Zero Tolerance on Zero Hours Contracts

Today, the PCS (with a bit of support from Youth Fight for Jobs and the NSSN) staged a demo outside the Tate Modern as part of a campaign to raise awareness of the plight of staff in the culture sector. Unsurprisingly, museum staff are often young, poorly paid and on zero hour contracts. Though the bosses and the Institute of Chartered Personnel & Development (CIPD) would have you believe that this is what their staff wants, in reality these contracts are inherently tied up with poverty pay, no flexibility and bullying and union busting.

PCS ZH demo

A Unite survey showed that only 16% of those surveyed on zero hours would like to stay on the contracts and is it any wonder? Staff hours can vary from week to week, never knowing what shifts they will get and will have to often work whatever they are given, even at short notice. With the average weekly pay of zero hours contracts roughly less than half the national average and you cannot top up your pay with additional hours in another role, leaving many in the position of struggling to make ends meet. On top of this, cross your manager and face having your hours withdrawn until you are forced to leave the company, creating an atmosphere of fear amongst staff to cross their employers. We also know that these contracts disproportionately affect young people, with over 37% of all zero hour contracts are for 16-24 yr olds and the number of young people on these contracts doubling since 2005, with the actual numbers believed to be much higher.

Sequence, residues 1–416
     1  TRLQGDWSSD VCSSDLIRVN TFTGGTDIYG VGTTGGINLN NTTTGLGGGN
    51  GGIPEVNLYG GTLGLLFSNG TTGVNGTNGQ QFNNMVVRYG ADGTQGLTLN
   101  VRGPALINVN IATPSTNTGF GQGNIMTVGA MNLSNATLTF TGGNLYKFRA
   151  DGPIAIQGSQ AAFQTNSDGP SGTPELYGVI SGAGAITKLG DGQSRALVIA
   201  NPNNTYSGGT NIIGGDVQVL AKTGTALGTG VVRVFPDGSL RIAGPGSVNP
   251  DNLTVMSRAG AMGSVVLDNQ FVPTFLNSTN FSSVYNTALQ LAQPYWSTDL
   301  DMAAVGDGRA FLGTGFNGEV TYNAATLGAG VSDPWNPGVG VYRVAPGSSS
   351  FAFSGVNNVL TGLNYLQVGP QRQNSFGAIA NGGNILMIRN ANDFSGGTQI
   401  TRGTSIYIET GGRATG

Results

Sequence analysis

Zero hours

Zero hour contracts are exploitation full stop and it’s time to put an end to for flexibility for the employer and demand flexibility for the employee. We need to kick these schemes out of our work places and fight for contracts that guarantee a minimum level of hours on a living wage with proper sick and holiday day. The only way we can achieve this is through recruiting young workers into trade unions and organising them on the shop floor, campaigning and taking action where necessary to get the fair deal for staff.

In the culture sector, the PCS Culture Group is organising to do just that across London and the Young Members Network will be looking to support this across the coming months where ever possible. So if you’re a young member in a museum and sick of your working conditions, join us, get involved and help us fight back against exploitation.

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